Distributed computing trends
Marginal computing is creating a new internet network. In an age where consumers and businesses require the smallest possible delay between asking questions and getting answers, edge computing is the only way to reduce insights time. Edge computing closes this gap by reducing latency, processing data even without enough bandwidth, reducing costs, and processing sovereignty and data compliance. While centralized cloud computing will still exist, a completely different way we can create and act on data at the edge of the network will and is creating new markets and unlocking new value. By 2024, the marginal computing market is expected to be worth over $9.0 billion with a compound annual growth rate of 30%.
However, to make these markets viable and reach their full potential, it is necessary to take into account the operational and business models they require. While cloud computing can rely on focus and economies of scale to build a business model, edge computing needs a new model. With hardware and software spread across hundreds or thousands of locations, the only viable way to manage these distributed systems is through standardization and automation.
Distributed computer system management is not new to IT, its predecessor and some argue that bringing the Internet, but the scale and complexity of edge computing is novel. In addition to the sheer number of locations, marginal computing must take into account harsh environments outside traditional sterilization data centers, remote or in-access locations, unstable connections, dynamic provisioning, global data experiences, and security risks. In addition to these technical challenges there are also business challenges. When considering the advantages of a business, it quickly becomes clear that they need to be as close to a contactless environment as possible because each truck can create a large dent on the sidelines.
What is Cloud Native Edge computing?
What is cloud-native edge computing? This is a purpose-built computer environment that allows machines to operate in real time not by humans, who can withstand one or two-second latency, but by machines, with a time of i.e. nano seconds or less. It’s a coordinated environment from the cloud, but it doesn’t depend on it, and doesn’t need remote IT professionals delivered globally and is available 24/7 to maintain.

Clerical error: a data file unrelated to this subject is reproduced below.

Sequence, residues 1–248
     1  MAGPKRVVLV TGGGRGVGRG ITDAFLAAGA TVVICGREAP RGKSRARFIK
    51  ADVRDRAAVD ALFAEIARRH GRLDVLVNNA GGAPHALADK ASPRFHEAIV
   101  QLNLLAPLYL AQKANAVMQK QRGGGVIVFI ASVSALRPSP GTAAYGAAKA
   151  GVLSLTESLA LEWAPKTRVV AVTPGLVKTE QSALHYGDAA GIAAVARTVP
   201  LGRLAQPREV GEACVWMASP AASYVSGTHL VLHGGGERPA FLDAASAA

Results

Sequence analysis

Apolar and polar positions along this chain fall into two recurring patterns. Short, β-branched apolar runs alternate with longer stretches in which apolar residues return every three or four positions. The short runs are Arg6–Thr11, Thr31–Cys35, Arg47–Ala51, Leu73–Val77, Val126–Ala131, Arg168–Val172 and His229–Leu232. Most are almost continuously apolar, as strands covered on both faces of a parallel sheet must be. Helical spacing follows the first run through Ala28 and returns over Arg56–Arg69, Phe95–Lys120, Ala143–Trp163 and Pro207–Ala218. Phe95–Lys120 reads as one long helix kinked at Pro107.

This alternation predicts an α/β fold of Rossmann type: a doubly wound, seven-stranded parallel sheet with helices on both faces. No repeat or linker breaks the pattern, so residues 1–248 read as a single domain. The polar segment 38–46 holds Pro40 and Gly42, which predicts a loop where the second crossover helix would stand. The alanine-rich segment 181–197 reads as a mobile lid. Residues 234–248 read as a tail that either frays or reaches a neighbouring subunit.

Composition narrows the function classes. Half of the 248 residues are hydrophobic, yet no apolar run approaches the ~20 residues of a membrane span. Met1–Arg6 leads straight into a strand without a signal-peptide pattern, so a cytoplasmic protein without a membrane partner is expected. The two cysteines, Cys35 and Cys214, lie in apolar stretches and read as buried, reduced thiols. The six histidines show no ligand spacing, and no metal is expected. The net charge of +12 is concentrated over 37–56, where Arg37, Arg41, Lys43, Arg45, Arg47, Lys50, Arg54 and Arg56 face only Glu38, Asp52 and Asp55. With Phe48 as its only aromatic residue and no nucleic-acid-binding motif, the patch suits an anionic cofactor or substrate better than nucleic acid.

For example, a self-driving car can only avoid a person’s road section if it has a marginal calculation without lag. It can quickly learn and update its “drivers” instantly with the latest data from all other cars in a cloud platform. There is no time to think when there is an emergency and if there is a dependence on the cloud, the device can not ‘think’ fast enough because of the latency.
How is Cloud-native Edge Computing different?
Cloud-native edge computing is a different design than just using old embedded algorithms and adding 4G or 5G connections.
Cloud-native applications follow a framework designed to maximize resilience through predictable behaviors.
The cloud-native microservices architecture enables automatic scalability that eliminates down time due to errors and recovers quickly in the event of a faulty application or infrastructure.
Automatic updates regularly provide a clean, new software image every day, an image that will clean up anything that happened before security countermeasures.
Cloud-native edge provides a rich understanding of operations through environmental remote measurement data that can provide insight into current operations as well as the ability to improve over time with automation to extend edge operations to millions of end points.
On the other hand, traditional applications cannot realize all the benefits of running on the cloud due to the unique, highly integrated architecture of each device.
Traditional embedded applications depend on the operating system, which makes moving and expanding applications across new infrastructures complex and risky.
Thromboethmic architectures cause unnecessary dependence between services, resulting in a loss of flexibility in development and deployment.
Over time, traditional embedded computer systems become full of vulnerabilities, making them very vulnerable to hacking.
Cloud Native, Kubernetes and Edge Computing